Talk to the Veterans Crisis Line now
U.S. flag
An official website of the United States government

VA Health Systems Research

Go to the VA ORD website
Go to the QUERI website

HSR&D Citation Abstract

Search | Search by Center | Search by Source | Keywords in Title

Menopausal Symptoms and Higher Risk Opioid Prescribing in a National Sample of Women Veterans with Chronic Pain.

Gibson CJ, Li Y, Huang AJ, Rife T, Seal KH. Menopausal Symptoms and Higher Risk Opioid Prescribing in a National Sample of Women Veterans with Chronic Pain. Journal of general internal medicine. 2019 Oct 1; 34(10):2159-2166.

Dimensions for VA is a web-based tool available to VA staff that enables detailed searches of published research and research projects.

If you have VA-Intranet access, click here for more information

VA staff not currently on the VA network can access Dimensions by registering for an account using their VA email address.
   Search Dimensions for VA for this citation
* Don't have VA-internal network access or a VA email address? Try searching the free-to-the-public version of Dimensions


BACKGROUND: The greatest increases in long-term opioid use and opioid-related overdose mortality in recent years have been among women in midlife. Common menopausal symptoms broadly affect health and health care utilization in midlife, but their contribution to chronic pain management during this period is unknown. OBJECTIVE: To examine relationships between menopausal symptoms and long-term opioid prescription patterns among midlife women with chronic pain. DESIGN: Cross-sectional analysis of national Veterans Health Administration medical and pharmacy records (2014-2015). PARTICIPANTS: Women Veterans aged 45-64 with 1 outpatient visit and chronic pain diagnoses spanning 90 days. MAIN MEASURES: Long-term opioids (prescribed oral opioids for 90 days), high-dose long-term opioids ( > 50 mg average morphine equivalent daily dose), and long-term opioids co-prescribed with central nervous system depressants (benzodiazepine and non-benzodiazepine sedative-hypnotics, gabapentin/pregabalin, muscle relaxants). Multivariable logistic regression models were used to examine associations between outcomes and menopausal symptoms (menopausal symptom-related diagnoses (i.e., "symptomatic menopausal states") on 2 encounters and/or menopausal hormone therapy, adjusting for race, age, body mass index, and mental health and substance use disorder diagnoses. KEY RESULTS: In this national sample of 104,984 midlife women Veterans with chronic pain (mean age 54.5, SD 5.4 years), 17% had evidence of menopausal symptoms, 51% were prescribed long-term opioids, 13% were prescribed high-dose long-term opioids, and 35% were co-prescribed long-term opioids and central nervous system depressants. In multivariable analyses, women with menopausal symptoms had increased odds of long-term opioids (OR 1.21, 95% CI 1.18-1.26), high-dose long-term opioids (OR 1.08, 95% CI 1.02-1.13), and long-term opioids co-prescribed with central nervous system depressants (sedative-hypnotics OR 1.25, 95% CI 1.22-1.30; gabapentin/pregabalin OR 1.23, 95% CI 1.20-1.27; muscle relaxants OR 1.24, 95% CI 1.20-1.28). CONCLUSIONS: Among midlife women Veterans with chronic pain, evidence of menopausal symptoms was associated with potentially risky long-term opioid prescription patterns, independent of known risk factors.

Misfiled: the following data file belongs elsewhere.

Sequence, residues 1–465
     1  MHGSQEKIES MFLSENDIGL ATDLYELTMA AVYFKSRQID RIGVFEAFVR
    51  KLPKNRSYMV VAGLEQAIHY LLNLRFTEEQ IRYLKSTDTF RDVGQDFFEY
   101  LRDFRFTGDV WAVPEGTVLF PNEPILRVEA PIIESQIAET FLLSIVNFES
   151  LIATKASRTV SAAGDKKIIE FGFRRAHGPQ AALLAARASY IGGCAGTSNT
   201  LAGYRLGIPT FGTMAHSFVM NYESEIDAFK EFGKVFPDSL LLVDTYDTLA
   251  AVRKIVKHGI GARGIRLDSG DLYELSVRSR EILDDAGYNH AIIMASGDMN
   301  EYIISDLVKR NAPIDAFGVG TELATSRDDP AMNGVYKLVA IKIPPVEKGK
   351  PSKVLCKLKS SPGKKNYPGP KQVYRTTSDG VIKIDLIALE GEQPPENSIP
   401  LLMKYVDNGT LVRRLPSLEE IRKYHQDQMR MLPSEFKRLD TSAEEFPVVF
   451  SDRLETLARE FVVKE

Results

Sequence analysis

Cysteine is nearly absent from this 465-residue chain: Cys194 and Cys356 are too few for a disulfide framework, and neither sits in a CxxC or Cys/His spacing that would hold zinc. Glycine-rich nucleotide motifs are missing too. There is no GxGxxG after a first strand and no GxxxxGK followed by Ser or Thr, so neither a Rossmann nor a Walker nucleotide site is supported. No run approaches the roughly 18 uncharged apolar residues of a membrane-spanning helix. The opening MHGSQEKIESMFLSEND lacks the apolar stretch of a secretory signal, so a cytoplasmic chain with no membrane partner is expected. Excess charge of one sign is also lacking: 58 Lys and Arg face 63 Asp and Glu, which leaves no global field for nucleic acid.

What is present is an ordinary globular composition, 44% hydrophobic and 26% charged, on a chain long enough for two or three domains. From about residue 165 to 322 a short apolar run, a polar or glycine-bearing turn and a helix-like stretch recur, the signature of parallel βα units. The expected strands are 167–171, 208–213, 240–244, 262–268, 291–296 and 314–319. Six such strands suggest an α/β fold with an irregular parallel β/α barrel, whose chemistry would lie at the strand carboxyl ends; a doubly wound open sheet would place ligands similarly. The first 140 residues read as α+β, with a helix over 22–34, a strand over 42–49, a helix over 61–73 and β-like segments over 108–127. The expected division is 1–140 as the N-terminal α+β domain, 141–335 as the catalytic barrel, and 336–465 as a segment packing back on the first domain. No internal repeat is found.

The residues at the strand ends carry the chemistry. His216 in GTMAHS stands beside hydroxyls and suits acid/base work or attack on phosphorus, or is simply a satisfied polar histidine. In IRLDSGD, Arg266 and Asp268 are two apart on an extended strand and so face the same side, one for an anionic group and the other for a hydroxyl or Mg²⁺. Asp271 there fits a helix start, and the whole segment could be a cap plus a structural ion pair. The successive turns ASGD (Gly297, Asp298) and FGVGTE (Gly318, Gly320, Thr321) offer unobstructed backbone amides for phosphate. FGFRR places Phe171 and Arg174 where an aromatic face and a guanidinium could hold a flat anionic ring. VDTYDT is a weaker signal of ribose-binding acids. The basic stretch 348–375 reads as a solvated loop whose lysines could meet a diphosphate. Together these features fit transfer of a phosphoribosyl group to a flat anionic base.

Questions about the HSR website? Email the Web Team

Any health information on this website is strictly for informational purposes and is not intended as medical advice. It should not be used to diagnose or treat any condition.